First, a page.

The beautiful artwork created by Ravan and described in this excerpt was not just a vivid description of Ravan’s psyche, but also a profound portrayal of his struggle to attain the right direction through the “moral compass” called dharma.
This one-of-a-kind piece of art became my muse purely because of the distinctive way in which it brings out the true essence of Ravan. I was so enamored by his narrative that I couldn’t wait to interpret it in my own way and create my very own version onto my canvas. Finally, I managed to do that and here I present to you, my acrylic painting titled “Moksha”.
In the book, Ravan describes a painting created by him that depicts his struggle to attain enlightenment. I have attempted to depict his mental turmoil and his desperate attempts to scale the wall of the Nine emotions or the Navrasas that hold him down. The ten heads in my artwork correspond to the ten heads of Ravan himself. Out of these, 9 represent the Navrasas, one for each emotion, whereas the tenth head is the state of spiritual awakening that Ravan is striving to achieve.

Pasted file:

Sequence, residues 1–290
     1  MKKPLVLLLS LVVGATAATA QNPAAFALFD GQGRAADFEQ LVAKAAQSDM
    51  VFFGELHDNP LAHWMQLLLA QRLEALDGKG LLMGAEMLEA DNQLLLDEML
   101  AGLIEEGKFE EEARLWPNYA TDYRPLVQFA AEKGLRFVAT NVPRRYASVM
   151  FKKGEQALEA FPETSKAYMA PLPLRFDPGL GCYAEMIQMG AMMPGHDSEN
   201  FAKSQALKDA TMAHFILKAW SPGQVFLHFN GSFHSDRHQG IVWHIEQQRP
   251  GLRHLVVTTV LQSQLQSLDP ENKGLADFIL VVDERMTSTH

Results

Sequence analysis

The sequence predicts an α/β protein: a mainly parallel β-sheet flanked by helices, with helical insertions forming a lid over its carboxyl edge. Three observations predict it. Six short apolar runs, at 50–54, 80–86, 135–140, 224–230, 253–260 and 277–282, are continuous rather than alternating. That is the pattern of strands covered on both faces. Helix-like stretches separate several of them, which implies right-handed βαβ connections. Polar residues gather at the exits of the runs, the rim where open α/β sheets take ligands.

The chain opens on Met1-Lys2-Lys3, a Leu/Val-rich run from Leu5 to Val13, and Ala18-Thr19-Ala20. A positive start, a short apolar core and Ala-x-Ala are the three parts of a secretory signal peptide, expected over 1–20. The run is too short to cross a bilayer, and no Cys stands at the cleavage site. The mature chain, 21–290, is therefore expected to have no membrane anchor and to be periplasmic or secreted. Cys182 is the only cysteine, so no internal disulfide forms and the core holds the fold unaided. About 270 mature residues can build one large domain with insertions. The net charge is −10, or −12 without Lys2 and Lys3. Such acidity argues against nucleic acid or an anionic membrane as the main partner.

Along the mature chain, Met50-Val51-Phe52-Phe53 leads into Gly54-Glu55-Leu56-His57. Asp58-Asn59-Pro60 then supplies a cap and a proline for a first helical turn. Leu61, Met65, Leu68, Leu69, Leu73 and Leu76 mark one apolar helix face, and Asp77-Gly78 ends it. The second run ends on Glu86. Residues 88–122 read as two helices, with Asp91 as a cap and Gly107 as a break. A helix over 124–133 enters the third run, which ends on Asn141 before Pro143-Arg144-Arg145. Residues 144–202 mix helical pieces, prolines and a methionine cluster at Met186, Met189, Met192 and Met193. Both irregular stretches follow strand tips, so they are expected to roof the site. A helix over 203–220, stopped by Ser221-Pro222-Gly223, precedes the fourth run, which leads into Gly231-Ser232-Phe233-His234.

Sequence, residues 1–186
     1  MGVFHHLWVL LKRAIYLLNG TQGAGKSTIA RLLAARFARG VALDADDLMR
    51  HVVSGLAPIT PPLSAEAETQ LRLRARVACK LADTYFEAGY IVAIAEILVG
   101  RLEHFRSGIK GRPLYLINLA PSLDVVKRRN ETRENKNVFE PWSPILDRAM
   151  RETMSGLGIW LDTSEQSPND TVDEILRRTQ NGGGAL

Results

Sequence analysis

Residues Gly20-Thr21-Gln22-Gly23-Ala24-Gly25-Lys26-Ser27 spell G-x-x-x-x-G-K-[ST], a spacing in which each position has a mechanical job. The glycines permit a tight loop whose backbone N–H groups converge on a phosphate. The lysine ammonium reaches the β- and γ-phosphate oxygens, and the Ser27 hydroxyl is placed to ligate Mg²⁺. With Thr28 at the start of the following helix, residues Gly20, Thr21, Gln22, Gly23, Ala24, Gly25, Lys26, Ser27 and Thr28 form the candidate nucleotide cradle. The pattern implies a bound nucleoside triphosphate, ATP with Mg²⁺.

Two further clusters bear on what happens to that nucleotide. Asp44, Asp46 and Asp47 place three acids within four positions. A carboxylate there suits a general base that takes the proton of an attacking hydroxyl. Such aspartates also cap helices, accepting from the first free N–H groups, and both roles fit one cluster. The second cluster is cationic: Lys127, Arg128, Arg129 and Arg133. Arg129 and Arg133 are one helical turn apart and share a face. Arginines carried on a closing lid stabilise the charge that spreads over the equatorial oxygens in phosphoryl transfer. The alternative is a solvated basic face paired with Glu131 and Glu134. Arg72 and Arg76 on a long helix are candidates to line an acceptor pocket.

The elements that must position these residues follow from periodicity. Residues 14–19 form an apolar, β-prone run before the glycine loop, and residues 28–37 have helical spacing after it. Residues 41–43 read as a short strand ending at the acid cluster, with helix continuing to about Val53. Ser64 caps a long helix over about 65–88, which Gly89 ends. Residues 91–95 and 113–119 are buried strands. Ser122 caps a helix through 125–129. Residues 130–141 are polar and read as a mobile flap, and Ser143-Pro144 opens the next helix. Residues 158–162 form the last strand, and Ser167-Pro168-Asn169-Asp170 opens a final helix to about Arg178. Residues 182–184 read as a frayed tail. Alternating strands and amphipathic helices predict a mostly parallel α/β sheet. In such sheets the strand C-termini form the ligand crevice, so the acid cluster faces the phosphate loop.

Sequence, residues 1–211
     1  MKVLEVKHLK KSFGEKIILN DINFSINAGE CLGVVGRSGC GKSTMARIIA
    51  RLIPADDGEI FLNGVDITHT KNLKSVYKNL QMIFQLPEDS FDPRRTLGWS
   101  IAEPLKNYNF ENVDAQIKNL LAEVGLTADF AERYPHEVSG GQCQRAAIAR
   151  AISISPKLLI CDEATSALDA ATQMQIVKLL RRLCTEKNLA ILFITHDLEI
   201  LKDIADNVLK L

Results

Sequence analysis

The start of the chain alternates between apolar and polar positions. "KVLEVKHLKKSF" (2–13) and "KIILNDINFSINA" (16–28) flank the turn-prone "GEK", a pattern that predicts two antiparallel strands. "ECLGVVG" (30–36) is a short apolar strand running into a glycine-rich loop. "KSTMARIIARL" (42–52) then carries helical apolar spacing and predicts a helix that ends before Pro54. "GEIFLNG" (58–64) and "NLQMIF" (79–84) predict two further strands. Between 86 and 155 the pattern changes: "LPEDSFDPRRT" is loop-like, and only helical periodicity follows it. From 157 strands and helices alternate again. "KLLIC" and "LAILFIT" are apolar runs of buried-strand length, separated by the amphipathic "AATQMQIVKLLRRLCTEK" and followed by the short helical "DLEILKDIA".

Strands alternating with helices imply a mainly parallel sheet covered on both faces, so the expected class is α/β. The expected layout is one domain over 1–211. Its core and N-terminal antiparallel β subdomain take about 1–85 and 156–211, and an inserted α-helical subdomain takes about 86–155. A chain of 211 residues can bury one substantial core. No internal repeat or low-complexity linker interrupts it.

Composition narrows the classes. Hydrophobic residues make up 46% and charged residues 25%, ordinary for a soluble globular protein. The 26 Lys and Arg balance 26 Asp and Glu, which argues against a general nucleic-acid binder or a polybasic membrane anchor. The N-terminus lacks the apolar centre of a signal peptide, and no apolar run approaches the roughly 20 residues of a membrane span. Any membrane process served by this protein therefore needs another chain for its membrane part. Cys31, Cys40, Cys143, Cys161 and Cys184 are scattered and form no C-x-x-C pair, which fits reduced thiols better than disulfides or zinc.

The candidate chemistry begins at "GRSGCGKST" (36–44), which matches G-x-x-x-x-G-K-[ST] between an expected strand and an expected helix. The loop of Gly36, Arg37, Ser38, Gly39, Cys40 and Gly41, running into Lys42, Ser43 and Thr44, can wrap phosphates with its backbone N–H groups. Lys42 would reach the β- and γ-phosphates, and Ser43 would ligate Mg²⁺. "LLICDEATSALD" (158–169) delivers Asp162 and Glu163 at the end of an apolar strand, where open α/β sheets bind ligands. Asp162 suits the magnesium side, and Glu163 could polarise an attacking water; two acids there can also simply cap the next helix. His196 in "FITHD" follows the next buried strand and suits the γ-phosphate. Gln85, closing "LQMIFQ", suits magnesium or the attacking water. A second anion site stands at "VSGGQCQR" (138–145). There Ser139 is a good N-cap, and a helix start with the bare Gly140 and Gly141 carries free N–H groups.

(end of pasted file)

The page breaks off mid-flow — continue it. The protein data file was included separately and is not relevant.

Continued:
I have further attempted to add on to the concept by depicting the 7 chakras or the main energy centers that control our body. My endeavor is to reaffirm that one can only transcend the wall of emotions by opening up all the chakras, allowing energy to flow freely, thereby harmonizing the body, mind as well as the spirit. It is only this equilibrium that can help one attain physical, emotional and spiritual “moksha” – which was not just the “righteous path” being pursued by Ravan, but also the “dharma” attained by the Buddha.
Hope you all like my approach towards Ravan and his “moksha!”
Ever got inspired by a book you have recently read to create art? I am sure we all have, but ever felt inspired enough by art mentioned in the same book?
Read on if you want to know more!
We all wonder where artists get all their inspiration from. Well, as is true for all creative fields, when it comes to finding inspiration, sky is the limit. One good source of inspiration though for most artists is books. I firmly believe that it’s very important for every artist to delve into books as not only do they light up that creative spark in them, but also help keep it burning. The key to making good art consistently lies in extracting the right amount of inspiration from the literary sources at hand. So don’t just read books, let them spur your imagination and awaken the artistic streak!